Food: This spider eats insects, frogs or lizards.
Distribution: It can be seen in NSW, QLD, SA and Tasmania.
Life cycle: Female matures at 5 years old and can live for many years while male matures at 4 years old and dies 6 to 7 months after mating.
Danger rate: Extremely high. If they bite, it will not be just once or twice – seek immediate medical attention.
Habitat: It lives anywhere from trees, forest, or coastal areas.
Appearance: Wolf spider has long legs with colour patterns of grey, white or black.
Size: Head to tail length will be around 1 to 8cm.
Food: It eats ants, crickets, grasshoppers or other spiders.
Life cycle: Male spider can live up to 12 months, while females can survive for many years.
Danger rate: Medium to High. Their bite can cause swelling, itching and pain.
Habitat: Orb Spider weaves its webs between trees and shrubs.
Appearance: It has a triangular-shaped body with reddish to grey colours.
Size: Body length is around 1 to 2.5 cm.
Food: Any insects that fly to their webs like flies or cicadas.
Distribution: They are found mostly in Eastern and Southern Australia.
Life cycle: Their lifespan is up to 12 months only.
Danger rate: Extremely Low since they are very timid.
Habitat: Females usually live in underground burrows. Males on large rocks or logs.
Appearance: It is a heavy spider with deep brown colour.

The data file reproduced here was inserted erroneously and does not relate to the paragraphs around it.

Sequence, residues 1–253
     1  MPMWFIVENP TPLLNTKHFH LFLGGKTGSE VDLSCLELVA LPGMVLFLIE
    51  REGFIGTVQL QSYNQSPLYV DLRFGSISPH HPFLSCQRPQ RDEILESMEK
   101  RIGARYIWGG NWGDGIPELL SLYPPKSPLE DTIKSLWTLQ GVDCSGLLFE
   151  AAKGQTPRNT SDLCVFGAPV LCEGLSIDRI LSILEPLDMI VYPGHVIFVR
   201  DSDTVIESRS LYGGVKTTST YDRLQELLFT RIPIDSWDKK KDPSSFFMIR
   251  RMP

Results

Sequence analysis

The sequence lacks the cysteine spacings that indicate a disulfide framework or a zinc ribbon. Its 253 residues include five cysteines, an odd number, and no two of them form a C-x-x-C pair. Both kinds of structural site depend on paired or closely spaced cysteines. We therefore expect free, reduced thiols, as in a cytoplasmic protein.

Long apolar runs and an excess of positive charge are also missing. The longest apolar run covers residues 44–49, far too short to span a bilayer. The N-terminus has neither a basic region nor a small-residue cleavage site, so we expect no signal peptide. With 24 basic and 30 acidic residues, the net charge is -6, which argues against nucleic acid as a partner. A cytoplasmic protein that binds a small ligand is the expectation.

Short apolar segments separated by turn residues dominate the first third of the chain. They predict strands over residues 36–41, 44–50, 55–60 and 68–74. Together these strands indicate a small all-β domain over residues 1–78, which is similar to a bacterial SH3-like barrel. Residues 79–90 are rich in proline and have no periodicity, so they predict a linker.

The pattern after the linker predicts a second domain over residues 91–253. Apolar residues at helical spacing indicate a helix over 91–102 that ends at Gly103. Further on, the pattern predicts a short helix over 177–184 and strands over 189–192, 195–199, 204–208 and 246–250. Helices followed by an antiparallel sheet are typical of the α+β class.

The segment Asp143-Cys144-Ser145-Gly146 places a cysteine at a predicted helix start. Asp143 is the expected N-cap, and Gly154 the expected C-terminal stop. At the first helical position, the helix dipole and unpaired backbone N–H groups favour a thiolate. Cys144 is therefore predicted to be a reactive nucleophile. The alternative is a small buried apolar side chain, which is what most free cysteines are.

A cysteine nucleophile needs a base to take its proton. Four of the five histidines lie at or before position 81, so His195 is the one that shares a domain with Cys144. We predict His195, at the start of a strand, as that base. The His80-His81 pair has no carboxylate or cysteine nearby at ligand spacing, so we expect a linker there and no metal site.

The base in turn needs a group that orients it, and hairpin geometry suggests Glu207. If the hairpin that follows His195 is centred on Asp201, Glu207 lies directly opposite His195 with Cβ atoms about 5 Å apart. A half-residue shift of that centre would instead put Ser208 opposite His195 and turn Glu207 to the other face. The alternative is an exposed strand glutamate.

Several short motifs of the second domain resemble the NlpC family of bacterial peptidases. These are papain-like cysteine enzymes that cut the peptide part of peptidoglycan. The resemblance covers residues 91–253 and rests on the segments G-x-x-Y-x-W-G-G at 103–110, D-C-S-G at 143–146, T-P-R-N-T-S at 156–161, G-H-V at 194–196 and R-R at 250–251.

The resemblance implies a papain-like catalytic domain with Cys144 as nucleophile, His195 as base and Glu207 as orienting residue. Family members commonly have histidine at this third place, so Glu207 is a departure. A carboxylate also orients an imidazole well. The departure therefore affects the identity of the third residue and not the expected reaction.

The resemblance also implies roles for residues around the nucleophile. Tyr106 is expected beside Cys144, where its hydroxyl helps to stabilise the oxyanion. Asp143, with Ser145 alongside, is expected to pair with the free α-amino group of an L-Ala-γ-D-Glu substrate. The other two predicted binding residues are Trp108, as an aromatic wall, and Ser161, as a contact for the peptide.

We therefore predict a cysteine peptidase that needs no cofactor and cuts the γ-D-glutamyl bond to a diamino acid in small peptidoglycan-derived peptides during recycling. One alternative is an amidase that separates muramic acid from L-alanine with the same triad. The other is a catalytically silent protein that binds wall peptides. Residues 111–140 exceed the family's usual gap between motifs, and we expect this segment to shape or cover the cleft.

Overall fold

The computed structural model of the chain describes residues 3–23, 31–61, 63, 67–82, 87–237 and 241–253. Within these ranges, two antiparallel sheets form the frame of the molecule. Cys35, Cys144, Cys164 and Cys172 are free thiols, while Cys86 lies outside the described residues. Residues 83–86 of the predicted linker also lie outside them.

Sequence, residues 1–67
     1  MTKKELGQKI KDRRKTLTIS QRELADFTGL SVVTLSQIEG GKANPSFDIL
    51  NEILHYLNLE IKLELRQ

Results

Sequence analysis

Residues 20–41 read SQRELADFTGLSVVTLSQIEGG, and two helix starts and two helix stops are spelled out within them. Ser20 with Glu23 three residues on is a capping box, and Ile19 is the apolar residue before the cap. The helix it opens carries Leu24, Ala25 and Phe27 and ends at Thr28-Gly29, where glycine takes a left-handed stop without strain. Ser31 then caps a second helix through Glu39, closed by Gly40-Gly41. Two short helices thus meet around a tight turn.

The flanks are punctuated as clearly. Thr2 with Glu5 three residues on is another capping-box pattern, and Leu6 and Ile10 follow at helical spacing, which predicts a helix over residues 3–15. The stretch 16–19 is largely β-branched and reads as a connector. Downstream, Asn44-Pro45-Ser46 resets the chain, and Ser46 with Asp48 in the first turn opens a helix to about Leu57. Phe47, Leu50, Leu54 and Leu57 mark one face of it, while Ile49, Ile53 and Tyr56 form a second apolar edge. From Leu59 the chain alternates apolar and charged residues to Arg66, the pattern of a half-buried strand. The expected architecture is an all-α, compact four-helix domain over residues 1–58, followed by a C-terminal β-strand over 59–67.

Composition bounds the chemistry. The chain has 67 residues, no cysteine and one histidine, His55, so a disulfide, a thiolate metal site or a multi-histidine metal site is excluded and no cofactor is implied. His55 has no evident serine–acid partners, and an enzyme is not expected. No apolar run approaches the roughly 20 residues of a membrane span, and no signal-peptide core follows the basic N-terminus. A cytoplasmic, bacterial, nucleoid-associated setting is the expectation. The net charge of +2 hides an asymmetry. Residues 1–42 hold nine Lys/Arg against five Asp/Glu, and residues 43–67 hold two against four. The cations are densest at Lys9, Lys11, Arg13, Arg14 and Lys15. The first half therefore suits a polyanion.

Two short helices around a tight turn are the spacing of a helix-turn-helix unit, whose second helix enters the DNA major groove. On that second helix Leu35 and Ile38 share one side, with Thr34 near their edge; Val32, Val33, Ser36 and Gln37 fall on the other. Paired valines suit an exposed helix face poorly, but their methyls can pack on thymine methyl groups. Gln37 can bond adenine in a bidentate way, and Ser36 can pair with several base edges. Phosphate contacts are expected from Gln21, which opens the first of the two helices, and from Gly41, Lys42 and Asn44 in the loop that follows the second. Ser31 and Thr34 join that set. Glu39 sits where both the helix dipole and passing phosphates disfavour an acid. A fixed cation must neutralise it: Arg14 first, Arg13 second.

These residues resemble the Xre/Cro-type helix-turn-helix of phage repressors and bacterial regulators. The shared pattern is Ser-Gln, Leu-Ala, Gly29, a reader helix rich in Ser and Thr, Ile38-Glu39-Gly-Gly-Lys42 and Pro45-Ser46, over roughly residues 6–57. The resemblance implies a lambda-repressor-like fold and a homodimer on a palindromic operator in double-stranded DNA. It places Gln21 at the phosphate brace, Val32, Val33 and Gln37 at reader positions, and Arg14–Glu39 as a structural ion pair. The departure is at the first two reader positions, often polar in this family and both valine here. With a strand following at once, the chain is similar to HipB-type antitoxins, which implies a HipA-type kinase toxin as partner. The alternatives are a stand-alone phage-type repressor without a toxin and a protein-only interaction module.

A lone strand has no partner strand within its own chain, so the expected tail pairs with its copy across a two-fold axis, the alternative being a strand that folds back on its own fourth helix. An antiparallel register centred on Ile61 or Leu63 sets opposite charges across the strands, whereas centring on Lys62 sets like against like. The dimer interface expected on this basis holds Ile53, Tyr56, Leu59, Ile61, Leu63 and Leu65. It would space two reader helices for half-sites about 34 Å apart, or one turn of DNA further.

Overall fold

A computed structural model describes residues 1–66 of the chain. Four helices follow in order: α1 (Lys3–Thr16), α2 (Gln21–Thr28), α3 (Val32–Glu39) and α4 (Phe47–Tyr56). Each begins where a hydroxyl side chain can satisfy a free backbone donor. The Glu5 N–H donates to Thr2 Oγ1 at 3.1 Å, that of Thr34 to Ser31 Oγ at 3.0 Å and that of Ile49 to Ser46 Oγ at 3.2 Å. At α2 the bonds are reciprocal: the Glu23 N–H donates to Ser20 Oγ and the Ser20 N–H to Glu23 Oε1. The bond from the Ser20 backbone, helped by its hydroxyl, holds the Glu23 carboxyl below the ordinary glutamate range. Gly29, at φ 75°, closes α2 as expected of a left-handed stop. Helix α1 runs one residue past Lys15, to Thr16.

Size: It depends on their species but usually between 2.5 to 12.5 cm.
Food: They prey on insects, lizards, other spiders and even birds.
Distribution: QLD and Darwin
Life cycle: Females can live up to 12 years. Males die after mating when they reach maturity at 5 years.
Danger rate: Medium. They will only bite once provoked.
Daddy Long Legs Spider
Habitat: This spider likes to build webs in the dark, rarely used spaces.
Appearance: It has long, thin legs with a small body that is easily recognizable.
Size: Usually ranging from 0.6 to 23 mm
Food: This spider eats insects and other spiders.
Life cycle: Male matures at 12 months and dies after mating. Female has a life span of 3 years.
Danger rate: Low. They rarely bite humans.
Black House Spider
Habitat: This spider can be seen in rock walls, window panes and trees.
Appearance: It has a dark grey abdomen with brown to black legs.
Size: Up to 1.5cm long
Food: They feed on insects.
Distribution: A black spider is usually found in Southern and Eastern Australia.
Life cycle: They reach maturity at 3 months old and can live up to 2 years.
Danger rate: High. Black spiders’ bite is excruciating, which can lead to vomiting and sweating.
It pays to know about these helpful tips about common spiders which can be visiting your home. Once you see them crawling around your property, make sure to eliminate them properly right away before they pose a huge threat to you, your family and the neighbourhood’s safety.
NOTE: With any spider bite, seek urgent medical attention.
Contact a pest control specialist right away. A1 Pest Control Canberra’s team is here to help you.
Call us at 0407 065 413.
Are these helpful tips about common spiders beneficial? If you have noticed some of the spiders in this article in your area, don’t hesitate to call the experts!
You may visit: Spider Problems In Canberra? We Are Just One Call Away.